Establishment of the ACRC
The Royal Commission was established on 8 October 2018 by the Governor-General of the Commonwealth of Australia, His Excellency General the Honourable Sir Peter Cosgrove AK MC (Retd).
The Honourable Richard Tracey AM RFD QC and Ms Lynelle Briggs AO have been appointed as Royal Commissioners. The Letters Patent for the Royal Commission, which formally appoint the Royal Commissioners, also outline the Royal Commission's terms of reference.
The Commissioners are required to provide an interim report by 31 October 2019, and a final report by 30 April 2020.
Terms of Reference
The Royal Commission will focus on Commonwealth funded residential aged care and home care for seniors (and where relevant, young people living in residential aged care). The inquiry will also cover care provided to young people with disabilities residing in residential aged care. The Royal Commission will not examine retirement villages or other forms of seniors living.
The Terms of Reference require the Royal Commission to examine:
- the quality and safety of aged care services by reference to a range of factors, such as dignity, choice and control, clinical care, end-of-life care;
- how best to deliver aged care services in a sustainable way including to residents (including younger residents) with a disability and those living with dementia, examples of good practice and innovative models of care; and
- the future challenges for delivering accessible, affordable and high quality services in the context of rapidly changing demographics and consumer preferences.
Service provider survey
As part of the commencement phase of the Royal Commission, approved providers under the Aged Care Act 1997 (Cth) were invited by the Commissioners to make an early written submission (via a detailed survey) to the Royal Commission in relation to each aged care service or outlet they operate. Submission requests were dealt with in two stages:
- by no later than Monday 7 January 2019 (for those larger providers that received a letter dated 23 November 2018); and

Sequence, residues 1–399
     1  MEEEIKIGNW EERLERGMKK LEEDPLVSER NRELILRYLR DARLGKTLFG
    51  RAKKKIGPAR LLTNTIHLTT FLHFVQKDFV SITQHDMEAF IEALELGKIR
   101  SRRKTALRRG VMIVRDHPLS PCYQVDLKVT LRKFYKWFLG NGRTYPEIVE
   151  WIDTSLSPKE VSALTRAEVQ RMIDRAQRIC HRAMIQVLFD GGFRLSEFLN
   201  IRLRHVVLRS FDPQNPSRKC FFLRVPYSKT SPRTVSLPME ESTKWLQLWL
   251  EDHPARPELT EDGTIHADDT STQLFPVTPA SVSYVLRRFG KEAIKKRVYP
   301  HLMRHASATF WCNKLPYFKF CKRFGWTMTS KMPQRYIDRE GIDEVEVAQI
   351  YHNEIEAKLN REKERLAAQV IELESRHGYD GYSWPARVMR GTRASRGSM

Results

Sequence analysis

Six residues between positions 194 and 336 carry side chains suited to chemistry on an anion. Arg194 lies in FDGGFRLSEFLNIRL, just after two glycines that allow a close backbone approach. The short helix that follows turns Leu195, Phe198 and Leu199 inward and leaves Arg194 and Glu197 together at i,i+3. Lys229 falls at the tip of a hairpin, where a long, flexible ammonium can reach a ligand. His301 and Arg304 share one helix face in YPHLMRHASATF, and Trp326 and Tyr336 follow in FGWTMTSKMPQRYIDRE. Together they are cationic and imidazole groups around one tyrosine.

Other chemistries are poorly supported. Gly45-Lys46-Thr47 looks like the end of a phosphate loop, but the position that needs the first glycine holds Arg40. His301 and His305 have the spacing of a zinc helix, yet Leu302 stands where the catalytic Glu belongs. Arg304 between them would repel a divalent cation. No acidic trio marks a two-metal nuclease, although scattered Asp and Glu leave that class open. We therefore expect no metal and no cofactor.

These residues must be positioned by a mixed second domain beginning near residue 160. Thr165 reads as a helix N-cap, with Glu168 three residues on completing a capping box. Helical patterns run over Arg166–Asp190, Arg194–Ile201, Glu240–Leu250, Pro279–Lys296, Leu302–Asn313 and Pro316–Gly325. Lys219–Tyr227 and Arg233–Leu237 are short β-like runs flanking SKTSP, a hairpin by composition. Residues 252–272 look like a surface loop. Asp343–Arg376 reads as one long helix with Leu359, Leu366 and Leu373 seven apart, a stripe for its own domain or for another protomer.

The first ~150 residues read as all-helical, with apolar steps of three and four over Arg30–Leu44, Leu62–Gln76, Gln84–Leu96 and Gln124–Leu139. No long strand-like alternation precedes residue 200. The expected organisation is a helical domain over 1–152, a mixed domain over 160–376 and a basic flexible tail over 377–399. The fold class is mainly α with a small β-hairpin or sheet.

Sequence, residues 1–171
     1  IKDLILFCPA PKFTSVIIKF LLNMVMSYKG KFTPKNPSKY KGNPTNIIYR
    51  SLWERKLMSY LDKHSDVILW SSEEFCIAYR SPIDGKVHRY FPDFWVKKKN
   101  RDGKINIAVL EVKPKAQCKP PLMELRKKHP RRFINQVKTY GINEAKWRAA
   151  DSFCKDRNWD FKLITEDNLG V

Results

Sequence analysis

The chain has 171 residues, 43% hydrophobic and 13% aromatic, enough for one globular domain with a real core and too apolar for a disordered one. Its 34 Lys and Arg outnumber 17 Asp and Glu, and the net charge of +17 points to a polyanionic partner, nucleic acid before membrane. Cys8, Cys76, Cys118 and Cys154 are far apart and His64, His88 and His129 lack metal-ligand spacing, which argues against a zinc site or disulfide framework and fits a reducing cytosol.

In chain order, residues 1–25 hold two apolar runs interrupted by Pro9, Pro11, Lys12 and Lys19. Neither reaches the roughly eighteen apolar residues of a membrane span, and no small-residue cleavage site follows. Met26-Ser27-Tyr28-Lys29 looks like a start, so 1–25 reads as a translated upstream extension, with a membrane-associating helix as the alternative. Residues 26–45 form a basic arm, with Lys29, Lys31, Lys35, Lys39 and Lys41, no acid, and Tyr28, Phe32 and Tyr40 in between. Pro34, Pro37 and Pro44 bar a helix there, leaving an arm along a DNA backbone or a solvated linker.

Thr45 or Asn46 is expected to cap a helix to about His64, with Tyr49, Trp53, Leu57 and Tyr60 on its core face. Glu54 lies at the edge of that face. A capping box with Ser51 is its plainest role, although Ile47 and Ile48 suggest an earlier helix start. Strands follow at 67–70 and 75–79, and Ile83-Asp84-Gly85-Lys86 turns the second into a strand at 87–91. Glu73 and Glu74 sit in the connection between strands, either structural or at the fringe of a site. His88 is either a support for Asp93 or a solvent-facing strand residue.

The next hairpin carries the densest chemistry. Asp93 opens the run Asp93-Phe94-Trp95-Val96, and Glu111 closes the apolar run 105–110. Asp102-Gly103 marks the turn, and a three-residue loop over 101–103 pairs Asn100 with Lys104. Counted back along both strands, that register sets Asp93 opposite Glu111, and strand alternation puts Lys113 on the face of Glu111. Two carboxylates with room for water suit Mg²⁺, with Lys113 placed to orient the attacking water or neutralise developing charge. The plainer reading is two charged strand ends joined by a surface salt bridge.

- by Friday 8 February 2019 for all other providers.
Information provided under this submission request will be considered by the Royal Commission alongside submissions from the general public and stakeholders, data from statistical and regulatory agencies and any other evidence provided to the Commission.
Directions Hearing (18 January 2019)
The Royal Commission officially opened on Friday 18 January 2019 with the first public hearing held in Adelaide. Commissioners Tracey AM RFD QC and Briggs AO opened the Royal Commission by noting its broad remit which is inquisitorial not adversarial. While examining quality and safety (including all forms of neglect and abuse) and systemic issues, the Royal Commission will also examine the important interface between the health, disability and aged care systems, issues arising due to changing demographics, complex care issues around dementia and young people with disabilities living in residential aged care. As a future-focussed inquiry, the Royal Commission will also look to future challenges and opportunities, and the sustainability of the system going forward. Hearings will be held throughout 2019 likely extending into 2020 - commencing in Adelaide. Thereafter, the Royal Commission will travel to all capital cities and some regional and remote areas. Looking forward:
- the Royal Commission will hold its first public hearing in which witnesses will give evidence and leave to appear granted, commencing on 11 February 2019 and extending into the week commencing 18 February 2019, in Adelaide;
- given the sensitivity of the matters to be ventilated throughout the hearings, there will be mechanisms put in place, including private hearings to assist those being provided with care to feel empowered to voice their experiences; and
- prior to each public hearing, the Royal Commission will release details on its website including key themes for each public hearing which may involve case studies.
As part of the Royal Commission, hearings will commence from 11 February 2019, in Adelaide; there will be approximately 15 sitting weeks extending into 2020. In addition, we expect to see a series of stakeholder roundtable forums and discussion papers made available for comment.